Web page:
Population growth, socio-economic development, and climate changes are placing increasing pressure on water resources (Agha Kouchak et al., 2015; Distefano and Kelly, 2017).
Global water demand is expected to continue increasing at rate of 1% per year until 2050, accounting for an increase of 20%–30% above the current level of water use (WWAP, 2019).
Agriculture, mainly devoted to the production of food, accounts for about 90% of the global freshwater use and nearly 70% of global water withdrawals, representing the human activity that requires the largest volumes of water resources (Falkenmark and Rockström, 2004; FAO, 2011).
The nexus between water and food received a recent burst of attention with the introduction of the water footprint concept, which has become widely used in several multidisciplinary contexts. The water footprint (WF) measures the volume of water used to produce a good along its supply chain, whereas its unit counterpart (water footprint per unit weight of output), or crop water footprint (CWF), represents a useful indicator of water use efficiency (eg, Hoekstra et al., 2011, D’Odorico et al., 2019).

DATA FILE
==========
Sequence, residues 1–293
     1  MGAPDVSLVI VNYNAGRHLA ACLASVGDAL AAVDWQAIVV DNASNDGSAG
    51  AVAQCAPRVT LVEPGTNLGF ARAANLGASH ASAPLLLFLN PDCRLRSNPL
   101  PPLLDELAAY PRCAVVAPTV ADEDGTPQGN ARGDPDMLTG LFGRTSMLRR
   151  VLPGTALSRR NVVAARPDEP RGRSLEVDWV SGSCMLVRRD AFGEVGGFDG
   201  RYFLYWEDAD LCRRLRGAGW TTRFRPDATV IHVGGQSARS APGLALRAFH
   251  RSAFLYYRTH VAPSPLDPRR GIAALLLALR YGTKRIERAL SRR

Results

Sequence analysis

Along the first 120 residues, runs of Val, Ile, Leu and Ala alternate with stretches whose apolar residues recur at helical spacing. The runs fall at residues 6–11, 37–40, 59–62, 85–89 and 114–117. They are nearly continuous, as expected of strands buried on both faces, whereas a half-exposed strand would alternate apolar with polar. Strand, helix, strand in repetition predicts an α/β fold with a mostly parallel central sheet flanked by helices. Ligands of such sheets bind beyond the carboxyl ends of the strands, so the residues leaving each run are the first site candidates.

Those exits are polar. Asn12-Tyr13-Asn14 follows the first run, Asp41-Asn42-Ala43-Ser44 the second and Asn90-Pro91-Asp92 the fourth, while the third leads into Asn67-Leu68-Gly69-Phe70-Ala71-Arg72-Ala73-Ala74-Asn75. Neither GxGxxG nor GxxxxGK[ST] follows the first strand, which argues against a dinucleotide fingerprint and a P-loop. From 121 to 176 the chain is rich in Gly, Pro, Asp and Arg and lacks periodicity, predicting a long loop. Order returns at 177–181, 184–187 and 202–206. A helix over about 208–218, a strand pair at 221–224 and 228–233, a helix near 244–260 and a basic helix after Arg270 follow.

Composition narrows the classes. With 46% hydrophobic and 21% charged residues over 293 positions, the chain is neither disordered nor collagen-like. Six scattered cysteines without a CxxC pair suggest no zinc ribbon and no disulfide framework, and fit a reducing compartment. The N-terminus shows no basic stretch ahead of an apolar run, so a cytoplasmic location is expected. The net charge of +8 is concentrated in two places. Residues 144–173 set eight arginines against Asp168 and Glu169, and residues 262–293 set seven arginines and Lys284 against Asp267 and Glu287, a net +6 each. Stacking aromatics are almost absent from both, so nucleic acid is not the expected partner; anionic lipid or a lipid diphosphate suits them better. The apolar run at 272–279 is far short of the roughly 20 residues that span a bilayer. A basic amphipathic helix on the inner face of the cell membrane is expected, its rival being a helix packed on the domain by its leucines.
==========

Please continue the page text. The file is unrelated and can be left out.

The CWF is extensively used to quantify the water virtually embedded in the agricultural goods exchanged through international trade, the so-called virtual water trade (Allan, 1998; Hoekstra, 2005). Both CWF and WF are affected by a marked spatial and temporal variability. The spatial variability of crop water footprint has been studied extensively in the recent literature (eg, Mekonnen and Hoekstra, 2011; Tuninetti et al., 2015), highlighting marked differences worldwide, which are determined by different climatic parameters.